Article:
And so part of this team's task is to shape the next phase of economic recovery so that it is more transparent, so that it is more consistent, so that the public and the markets and businesses all understand exactly how it is working, what our expectations are and what will be accomplished as a consequence of some of the extraordinary steps that have been taken.
Finally, we talked today about the tough choices that we're going to have to make to restore fiscal responsibility, so as the economy recovers, our deficit can start to be brought down. As I said earlier, right now, the most important task for us is to stabilize the patient. The economy is badly damaged; it is very sick. And so we have to take whatever is -- steps are required to make sure that it is stabilized.
But we also have to recognize that if we're going to grow this economy over the long term, if we're going to create a better future for our children and our grandchildren, then we can't be fiscally irresponsible about how we do it.
And so -- we have been in deep conversations and will continue over the next several weeks to shape our recovery and reinvestment package alongside very concrete, serious plans for midterm and long- term fiscal discipline. And that is something that we will be also be presenting to the American people as well as leadership on Capitol Hill.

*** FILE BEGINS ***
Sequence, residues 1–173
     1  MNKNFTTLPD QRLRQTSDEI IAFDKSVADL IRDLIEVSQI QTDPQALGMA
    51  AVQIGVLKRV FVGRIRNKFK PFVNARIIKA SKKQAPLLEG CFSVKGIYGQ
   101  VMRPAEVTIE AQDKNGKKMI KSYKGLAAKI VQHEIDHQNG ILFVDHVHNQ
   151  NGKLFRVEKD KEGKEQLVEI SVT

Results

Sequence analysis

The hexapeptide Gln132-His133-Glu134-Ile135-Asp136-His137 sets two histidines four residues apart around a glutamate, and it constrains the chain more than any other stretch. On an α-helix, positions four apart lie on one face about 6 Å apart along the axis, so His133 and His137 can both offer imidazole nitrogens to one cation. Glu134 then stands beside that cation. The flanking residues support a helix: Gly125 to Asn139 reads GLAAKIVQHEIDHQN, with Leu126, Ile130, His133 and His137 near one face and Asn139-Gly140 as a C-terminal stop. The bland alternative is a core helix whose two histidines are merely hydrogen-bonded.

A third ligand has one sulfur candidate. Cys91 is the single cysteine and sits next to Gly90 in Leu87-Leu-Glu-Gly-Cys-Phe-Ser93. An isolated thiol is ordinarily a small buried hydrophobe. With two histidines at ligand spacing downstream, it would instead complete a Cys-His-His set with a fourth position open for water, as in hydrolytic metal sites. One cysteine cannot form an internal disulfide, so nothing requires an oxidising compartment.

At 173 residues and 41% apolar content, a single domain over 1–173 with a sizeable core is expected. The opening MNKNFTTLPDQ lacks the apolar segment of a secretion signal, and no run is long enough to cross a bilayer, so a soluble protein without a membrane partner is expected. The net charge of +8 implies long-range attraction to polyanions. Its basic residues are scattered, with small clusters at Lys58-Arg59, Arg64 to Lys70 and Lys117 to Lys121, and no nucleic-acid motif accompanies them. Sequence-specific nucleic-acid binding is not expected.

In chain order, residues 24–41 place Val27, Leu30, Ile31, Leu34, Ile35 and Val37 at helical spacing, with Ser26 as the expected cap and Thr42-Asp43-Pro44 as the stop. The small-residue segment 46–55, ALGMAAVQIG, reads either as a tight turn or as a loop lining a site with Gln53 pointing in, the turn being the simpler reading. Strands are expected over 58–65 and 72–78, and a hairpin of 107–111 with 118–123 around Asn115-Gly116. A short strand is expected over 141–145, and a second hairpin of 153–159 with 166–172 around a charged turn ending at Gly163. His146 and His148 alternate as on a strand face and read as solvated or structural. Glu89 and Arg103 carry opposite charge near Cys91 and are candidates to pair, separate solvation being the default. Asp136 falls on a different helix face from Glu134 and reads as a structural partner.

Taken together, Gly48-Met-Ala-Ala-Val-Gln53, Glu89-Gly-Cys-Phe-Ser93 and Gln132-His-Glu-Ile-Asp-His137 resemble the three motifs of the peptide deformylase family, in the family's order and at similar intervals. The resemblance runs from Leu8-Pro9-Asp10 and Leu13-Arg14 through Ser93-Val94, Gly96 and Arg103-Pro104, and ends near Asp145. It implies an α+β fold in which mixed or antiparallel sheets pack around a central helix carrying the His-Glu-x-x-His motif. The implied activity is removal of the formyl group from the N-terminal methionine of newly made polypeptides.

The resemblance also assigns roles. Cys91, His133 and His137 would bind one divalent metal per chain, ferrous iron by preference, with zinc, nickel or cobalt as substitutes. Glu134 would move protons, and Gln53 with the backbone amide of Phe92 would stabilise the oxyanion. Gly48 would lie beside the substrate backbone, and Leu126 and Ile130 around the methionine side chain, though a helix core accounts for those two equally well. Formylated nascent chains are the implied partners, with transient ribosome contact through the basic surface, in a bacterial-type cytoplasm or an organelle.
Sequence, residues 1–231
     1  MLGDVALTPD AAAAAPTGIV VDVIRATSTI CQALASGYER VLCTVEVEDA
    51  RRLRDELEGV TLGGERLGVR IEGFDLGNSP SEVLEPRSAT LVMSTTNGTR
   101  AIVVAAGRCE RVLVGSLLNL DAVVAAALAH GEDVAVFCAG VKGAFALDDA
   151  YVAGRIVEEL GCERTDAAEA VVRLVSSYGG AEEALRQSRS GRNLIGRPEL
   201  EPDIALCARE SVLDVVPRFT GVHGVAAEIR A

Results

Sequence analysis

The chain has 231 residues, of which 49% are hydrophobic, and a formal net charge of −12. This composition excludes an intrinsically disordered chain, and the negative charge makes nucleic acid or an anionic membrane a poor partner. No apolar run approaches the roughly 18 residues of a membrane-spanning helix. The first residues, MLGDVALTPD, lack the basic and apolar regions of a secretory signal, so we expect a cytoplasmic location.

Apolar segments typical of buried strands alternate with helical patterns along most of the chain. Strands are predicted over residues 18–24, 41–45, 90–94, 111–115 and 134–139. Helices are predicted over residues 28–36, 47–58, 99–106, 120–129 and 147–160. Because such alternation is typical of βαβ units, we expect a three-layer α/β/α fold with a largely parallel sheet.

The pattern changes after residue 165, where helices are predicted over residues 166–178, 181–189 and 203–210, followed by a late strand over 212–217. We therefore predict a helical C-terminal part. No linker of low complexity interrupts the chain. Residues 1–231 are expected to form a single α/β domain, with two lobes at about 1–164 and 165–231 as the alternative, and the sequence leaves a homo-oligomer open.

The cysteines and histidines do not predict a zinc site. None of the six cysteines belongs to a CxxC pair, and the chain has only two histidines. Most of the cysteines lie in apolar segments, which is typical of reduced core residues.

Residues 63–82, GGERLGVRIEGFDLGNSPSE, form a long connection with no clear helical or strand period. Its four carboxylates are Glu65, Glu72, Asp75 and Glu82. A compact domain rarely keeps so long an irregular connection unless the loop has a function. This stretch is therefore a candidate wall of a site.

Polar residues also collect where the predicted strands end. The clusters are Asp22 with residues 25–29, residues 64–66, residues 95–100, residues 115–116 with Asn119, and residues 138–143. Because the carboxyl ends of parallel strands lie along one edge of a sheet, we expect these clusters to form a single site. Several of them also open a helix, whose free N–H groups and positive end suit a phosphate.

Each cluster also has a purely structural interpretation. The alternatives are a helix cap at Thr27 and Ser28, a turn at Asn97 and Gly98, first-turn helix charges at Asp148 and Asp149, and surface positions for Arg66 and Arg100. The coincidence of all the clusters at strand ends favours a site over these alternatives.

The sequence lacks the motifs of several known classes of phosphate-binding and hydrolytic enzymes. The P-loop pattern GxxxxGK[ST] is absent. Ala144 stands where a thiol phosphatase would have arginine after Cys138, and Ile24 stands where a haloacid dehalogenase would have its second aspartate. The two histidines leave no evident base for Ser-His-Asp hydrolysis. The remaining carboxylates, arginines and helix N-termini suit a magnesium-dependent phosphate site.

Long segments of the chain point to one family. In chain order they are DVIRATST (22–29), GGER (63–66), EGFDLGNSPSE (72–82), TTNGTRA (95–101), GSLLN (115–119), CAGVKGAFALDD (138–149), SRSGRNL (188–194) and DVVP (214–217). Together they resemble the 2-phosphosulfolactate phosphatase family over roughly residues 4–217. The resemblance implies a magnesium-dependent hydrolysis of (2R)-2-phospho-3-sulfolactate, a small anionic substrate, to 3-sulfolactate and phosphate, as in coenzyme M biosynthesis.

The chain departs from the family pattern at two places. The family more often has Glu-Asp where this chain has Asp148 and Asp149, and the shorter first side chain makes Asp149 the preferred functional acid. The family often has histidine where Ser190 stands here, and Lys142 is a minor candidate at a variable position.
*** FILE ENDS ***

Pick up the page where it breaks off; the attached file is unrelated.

So I'm looking forward to meeting with both the Democrats and Republicans this afternoon. My expectation is that they will share the same sense of urgency that I do, that we are going to move quickly, that we're not going to get bogged down in a lot of old-style politics on either side.
There's not going to be a lot of finger-pointing or posturing. The American people need action now. That's what I intend to provide as president of the United States. So with that, let me take a couple questions.
QUESTION: How fast does this plan need to move to passage?
And in moving swiftly and boldly, are you concerned at all about sacrificing transparency and a full examination of the process?